Look for online programs that:

  • Include teacher-graded writing items that encourage students to write for a variety of purposes and audiences, including opinion-based, explanatory, and narrative formats
  • Incorporate explicit grammar instruction, including letter formation, spelling strategies, capitalization, punctuation, and sentence construction 

7. Opportunities for students to build vocabulary and content knowledge

Push your students’ boundaries when it comes to vocabulary. Regularly introduce new words and meanings during reading and instruction, help students make connections with existing vocabulary, and provide plenty of opportunities for them to make use of new words in class discussions and other meaningful contexts. 

Look for online programs that:

  • Include instruction on common word roots, inflections, prefixes, and suffixes to help students identify unknown words
  • Scaffold vocabulary instruction with lessons that build on previous vocabulary with new word meanings and nuances
  • Feature dictionary tools to help students decipher new vocabulary

8. Literacy-rich reading material and reading opportunities in the classroom

Every classroom should be a literacy-rich environment. Make sure that books and other reading materials that appeal to students’ wide-ranging interests are easily accessible and available for children outside of the classroom. Additionally, ensure that there are comfortable, welcoming spaces throughout the classroom for students to read independently and with one another.

Look for online programs that:

  • Feature extensive digital libraries organized by subject and reading level
  • Include reading selections that are available as audio recordings and printable packages
  • Provide teacher guides, connected lessons, and other support materials to go along with reading selections 

9. Ongoing formative assessment of students’ language and literacy development

Regular observation by instructors is key to understanding what each student needs to support the development of literacy. Formative and diagnostic assessments guided by understanding of literacy development and state standards should be implemented to monitor progress and identify students who may need additional interventions.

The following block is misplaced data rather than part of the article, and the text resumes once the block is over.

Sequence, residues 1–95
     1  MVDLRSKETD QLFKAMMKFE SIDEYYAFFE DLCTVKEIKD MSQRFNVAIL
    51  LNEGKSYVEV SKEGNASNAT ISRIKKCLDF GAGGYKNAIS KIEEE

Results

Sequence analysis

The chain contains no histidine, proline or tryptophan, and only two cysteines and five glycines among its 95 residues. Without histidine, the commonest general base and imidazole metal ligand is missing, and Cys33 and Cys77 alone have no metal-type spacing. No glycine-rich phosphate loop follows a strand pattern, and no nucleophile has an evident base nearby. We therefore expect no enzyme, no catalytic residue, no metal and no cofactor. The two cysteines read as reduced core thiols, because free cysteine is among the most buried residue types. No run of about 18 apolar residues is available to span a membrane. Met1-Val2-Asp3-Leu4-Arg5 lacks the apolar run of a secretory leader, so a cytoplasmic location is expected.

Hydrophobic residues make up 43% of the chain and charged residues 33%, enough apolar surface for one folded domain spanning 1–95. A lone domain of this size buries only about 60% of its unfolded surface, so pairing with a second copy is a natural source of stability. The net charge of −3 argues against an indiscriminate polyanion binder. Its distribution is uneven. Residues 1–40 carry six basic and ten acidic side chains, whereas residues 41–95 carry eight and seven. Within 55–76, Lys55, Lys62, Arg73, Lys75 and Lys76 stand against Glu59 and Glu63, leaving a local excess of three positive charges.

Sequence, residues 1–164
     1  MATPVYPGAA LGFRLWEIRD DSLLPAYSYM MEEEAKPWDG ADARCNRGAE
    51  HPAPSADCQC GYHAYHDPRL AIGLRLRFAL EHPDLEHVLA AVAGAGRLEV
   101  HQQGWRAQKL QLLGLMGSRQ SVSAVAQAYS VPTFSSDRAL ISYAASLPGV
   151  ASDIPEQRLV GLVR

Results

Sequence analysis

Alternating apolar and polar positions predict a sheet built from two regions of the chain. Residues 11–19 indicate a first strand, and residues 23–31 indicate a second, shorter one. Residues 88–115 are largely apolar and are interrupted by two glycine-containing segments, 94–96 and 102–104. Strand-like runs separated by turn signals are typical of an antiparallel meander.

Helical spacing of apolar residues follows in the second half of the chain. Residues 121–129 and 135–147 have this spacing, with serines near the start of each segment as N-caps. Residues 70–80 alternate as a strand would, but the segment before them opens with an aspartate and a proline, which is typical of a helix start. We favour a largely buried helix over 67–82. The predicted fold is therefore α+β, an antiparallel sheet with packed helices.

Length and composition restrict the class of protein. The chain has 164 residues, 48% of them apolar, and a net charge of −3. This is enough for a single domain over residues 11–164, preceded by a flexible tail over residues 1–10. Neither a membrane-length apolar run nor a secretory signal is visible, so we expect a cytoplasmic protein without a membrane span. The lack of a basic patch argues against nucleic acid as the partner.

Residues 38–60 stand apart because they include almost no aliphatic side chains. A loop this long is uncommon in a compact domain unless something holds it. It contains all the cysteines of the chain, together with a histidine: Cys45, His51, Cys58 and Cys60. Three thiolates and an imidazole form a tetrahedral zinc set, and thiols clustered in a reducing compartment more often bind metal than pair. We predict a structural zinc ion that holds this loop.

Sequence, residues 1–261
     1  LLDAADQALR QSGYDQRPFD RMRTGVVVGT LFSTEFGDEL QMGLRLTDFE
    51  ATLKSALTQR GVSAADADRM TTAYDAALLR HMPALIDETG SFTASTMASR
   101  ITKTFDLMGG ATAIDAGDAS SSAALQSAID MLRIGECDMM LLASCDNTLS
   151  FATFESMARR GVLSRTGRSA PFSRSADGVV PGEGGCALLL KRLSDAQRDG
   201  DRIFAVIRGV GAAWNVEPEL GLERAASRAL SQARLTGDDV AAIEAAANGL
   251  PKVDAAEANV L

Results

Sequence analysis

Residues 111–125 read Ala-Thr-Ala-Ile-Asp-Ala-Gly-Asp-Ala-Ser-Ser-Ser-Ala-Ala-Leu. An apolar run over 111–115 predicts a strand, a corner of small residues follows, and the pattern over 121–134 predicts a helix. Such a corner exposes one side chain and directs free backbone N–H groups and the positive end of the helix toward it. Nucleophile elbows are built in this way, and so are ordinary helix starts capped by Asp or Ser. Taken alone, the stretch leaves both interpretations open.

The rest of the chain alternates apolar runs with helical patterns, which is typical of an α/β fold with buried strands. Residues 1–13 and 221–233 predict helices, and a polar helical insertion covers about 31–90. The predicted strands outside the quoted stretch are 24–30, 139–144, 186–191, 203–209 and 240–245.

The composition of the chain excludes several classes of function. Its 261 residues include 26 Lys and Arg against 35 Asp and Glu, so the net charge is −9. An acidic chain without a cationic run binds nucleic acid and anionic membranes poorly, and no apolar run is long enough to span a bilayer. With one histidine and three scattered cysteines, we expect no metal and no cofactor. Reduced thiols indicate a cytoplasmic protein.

Look for online programs that:

  • Offer curriculum aligned to state and national standards (like the Common Core and ISTE) for English language arts
  • Feature diagnostic assessments to determine students’ baseline knowledge as well as growth
  • Include short, regular measures of mastery to formatively assess progress
  • Present assessment data in a clear, easy-to-understand manner to help teachers inform instruction and target specific needs

10. Collaboration with families to promote literacy

Literacy development shouldn’t stop when students leave the classroom. Engage with students’ families to help them understand the importance of literacy, and provide resources and strategies to encourage reading at home (including books, magazines, and information about local literacy-focused library and museum events).

Look for online programs that:

  • Allow students to access their individualized lessons, activities, and reading materials at home
  • Provide immediate feedback to support students and their parents working on assignments at home

Edmentum is proud to offer research-based online programs to support effective instructional practices for literacy. Exact Path provides adaptive diagnostic assessments and individualized learning paths aligned to state and national standards to meet all students exactly where they are in their literacy journey. Our dynamic, two-in-one literacy solution, Reading Eggs and Reading Eggspress, is designed to build and reinforce foundational literacy skills through rich, interactive lessons and activities. Ready to learn more? Get a quote today!

References:

Michigan Association of Intermediate School Administrators General Education Leadership Network Early Literacy Task Force (2016). Essential instructional practices in early literacy: K to 3. Lansing, MI: Authors.

mark.radcliffe@edmentum.com's picture

Mark Radcliffe is an Implementation Consultant for Edmentum, and has been with the company since 2015. Previously, Mark held several roles in e-learning training and professional development, including at the Blended Schools Network and Pennsylvania Department of Education. Mark received his B.S. degree in Computer Science from the University of Manchester and an M.S. in Instructional Technology from Bloomsberg University of Pennsylvania.